Keith Richards feared in those tough years the breakup of The Rolling Stones, especially the solo work of Jagger. Especially when Jagger also another solo wanted to go on tour.
How deep was the pain when Richards was once again evident in Richards' autobiography Life in 2010. In it, he described the solo album Goddess in the Doorway Mick Jagger from 2001 as follows: "Very tempting that record not to rename Dogshit In The Doorway." Always up for a joke.
But reportedly Richards here with his deadly review for Jagger really gone a step too far. Who knows founded Jagger therefore, one year after the publication of Life and so if counterpunch, the 'supergroup' Super Heavy on, among others with Dave Stewart and Joss Stone. Is also significant: in 2011 Richards could not come to Jaggers birthday.
The solo albums by the Stones are no standard successes, though they sell on average still pretty nice. The music press has done quite a good laugh at actually pretty shitty album titles like I've Got My Own Album To Do (Ron Wood, 1974) and Stone Alone (Bill Wyman, 1976). The weather kept the Stones (and former Stone Mick Taylor) did not produce a lavish series of solo work, which this year titles like Crosseyed Heart by Keith Richards and Bill Wyman of Back to Basics yielded.
Who collects all the solo albums by the Stones, so really a mission, and also a big party pretty ugly cases are in the record collection after a while.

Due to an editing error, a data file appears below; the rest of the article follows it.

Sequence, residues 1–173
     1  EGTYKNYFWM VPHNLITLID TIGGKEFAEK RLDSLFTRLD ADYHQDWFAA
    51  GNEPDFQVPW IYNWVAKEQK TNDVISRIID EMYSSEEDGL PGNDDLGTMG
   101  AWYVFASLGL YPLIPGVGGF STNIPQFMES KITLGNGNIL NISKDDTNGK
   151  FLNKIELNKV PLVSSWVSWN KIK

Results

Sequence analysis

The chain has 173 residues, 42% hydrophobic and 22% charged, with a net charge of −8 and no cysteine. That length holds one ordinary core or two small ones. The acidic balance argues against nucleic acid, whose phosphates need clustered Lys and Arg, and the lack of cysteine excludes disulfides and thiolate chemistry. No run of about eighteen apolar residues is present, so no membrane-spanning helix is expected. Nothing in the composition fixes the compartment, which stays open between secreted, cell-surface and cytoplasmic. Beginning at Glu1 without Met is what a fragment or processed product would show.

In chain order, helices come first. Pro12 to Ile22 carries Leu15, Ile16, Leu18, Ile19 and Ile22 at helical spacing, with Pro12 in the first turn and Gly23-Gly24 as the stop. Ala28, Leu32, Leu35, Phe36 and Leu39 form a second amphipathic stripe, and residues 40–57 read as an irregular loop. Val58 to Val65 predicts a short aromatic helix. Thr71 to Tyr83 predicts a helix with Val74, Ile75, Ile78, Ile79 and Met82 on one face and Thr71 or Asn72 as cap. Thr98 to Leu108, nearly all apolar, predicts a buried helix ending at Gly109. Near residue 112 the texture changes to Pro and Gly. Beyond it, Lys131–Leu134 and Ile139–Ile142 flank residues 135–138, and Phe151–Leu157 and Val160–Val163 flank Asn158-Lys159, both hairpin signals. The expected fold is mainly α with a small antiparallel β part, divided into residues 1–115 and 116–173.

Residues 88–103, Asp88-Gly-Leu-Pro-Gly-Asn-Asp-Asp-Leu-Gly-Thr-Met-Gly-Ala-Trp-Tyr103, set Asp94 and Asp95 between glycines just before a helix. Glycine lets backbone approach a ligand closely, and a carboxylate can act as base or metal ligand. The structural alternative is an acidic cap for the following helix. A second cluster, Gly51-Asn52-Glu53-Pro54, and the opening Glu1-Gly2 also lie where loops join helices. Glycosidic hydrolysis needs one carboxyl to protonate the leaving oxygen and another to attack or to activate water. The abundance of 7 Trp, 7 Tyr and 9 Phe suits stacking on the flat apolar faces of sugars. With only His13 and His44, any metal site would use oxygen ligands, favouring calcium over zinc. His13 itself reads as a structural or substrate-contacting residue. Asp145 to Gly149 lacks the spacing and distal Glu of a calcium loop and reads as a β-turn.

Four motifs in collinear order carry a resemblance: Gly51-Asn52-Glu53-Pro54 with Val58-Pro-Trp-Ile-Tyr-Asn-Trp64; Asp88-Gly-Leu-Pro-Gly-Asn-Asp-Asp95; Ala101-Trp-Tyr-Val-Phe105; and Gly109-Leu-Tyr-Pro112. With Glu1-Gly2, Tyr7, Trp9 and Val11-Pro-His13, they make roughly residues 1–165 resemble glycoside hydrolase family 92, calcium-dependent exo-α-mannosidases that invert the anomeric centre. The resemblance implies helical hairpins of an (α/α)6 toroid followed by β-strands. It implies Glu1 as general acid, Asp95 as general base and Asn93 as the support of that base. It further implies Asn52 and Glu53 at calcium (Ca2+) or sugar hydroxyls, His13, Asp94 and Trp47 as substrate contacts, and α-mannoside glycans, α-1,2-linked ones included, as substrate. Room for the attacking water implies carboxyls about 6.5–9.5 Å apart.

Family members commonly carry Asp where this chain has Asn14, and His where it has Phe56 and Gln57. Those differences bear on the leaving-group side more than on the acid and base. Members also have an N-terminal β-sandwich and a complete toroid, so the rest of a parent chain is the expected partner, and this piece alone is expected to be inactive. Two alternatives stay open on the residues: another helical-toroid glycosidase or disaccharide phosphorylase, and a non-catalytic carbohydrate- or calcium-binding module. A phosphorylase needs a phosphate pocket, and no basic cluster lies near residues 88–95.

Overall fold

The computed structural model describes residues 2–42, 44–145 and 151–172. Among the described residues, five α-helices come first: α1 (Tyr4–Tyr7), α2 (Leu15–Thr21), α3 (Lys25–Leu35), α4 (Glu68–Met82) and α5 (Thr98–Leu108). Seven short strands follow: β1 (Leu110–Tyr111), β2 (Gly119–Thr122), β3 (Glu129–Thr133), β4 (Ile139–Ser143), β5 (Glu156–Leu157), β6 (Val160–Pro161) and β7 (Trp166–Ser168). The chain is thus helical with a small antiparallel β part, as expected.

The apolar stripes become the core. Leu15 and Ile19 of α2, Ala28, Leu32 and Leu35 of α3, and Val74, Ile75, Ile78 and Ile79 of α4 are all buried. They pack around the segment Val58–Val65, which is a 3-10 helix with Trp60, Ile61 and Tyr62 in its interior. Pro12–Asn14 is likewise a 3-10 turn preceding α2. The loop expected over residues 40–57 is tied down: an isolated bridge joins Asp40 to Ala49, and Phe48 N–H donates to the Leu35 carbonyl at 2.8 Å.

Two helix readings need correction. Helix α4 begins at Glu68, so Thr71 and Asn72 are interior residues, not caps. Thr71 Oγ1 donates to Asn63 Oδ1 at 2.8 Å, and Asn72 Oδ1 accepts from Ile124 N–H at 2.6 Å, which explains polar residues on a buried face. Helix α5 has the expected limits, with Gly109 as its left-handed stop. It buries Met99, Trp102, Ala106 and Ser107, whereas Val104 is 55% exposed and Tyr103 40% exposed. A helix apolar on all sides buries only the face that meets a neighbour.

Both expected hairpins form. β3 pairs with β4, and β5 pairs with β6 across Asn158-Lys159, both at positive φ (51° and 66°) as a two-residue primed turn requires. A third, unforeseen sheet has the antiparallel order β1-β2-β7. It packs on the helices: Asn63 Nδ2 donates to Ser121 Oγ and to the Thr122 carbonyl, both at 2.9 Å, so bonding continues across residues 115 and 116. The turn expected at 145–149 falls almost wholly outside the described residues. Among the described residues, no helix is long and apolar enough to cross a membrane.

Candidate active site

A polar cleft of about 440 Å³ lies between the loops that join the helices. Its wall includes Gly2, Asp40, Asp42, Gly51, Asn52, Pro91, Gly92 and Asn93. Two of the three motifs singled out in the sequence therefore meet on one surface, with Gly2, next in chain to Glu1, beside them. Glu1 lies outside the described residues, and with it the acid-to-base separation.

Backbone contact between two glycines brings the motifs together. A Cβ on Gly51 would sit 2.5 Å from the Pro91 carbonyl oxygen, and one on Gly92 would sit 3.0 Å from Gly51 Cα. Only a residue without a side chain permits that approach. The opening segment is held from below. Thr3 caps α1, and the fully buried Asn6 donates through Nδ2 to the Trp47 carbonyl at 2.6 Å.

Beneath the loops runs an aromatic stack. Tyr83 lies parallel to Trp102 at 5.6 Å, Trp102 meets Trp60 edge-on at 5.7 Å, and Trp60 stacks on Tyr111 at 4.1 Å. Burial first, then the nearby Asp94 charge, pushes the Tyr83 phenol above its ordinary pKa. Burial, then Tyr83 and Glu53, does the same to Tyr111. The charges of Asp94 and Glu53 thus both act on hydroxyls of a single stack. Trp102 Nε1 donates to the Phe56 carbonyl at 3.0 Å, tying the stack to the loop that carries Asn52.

In contrast to the often great design covers of the Stones albums, the Stones seem to take solo settle for half an hour together photoshopped covers.
See for example, Charlie Watts' jazz album Warm & Tender (1993), or the more or less failed airbrush experiment of Bill Wymans aforementioned Monkey Grip (1974).
ROBERT VAN GIJSSEL · [www.volkskrant.nl
Striking: in many texts on Crosseyed Heart by Keith Richards have featured the police, in songs like the little revealing Nothing On Me and Robbed Blind. Is the man who as a pioneer in hard drugs user was repeatedly arrested, sometimes something bothering you? Richards; "Yeah, crazy, huh? I also noticed on. What are all those cops in my music, I thought when I listened back to the plate itself. That's what happens when you think back to your life. You're thinking about your wife. Your children. And in my case: the cops. And all those times when you're caught with or without something in his pocket." Life Part II, now even franker.
BOX 2:Life still outspoken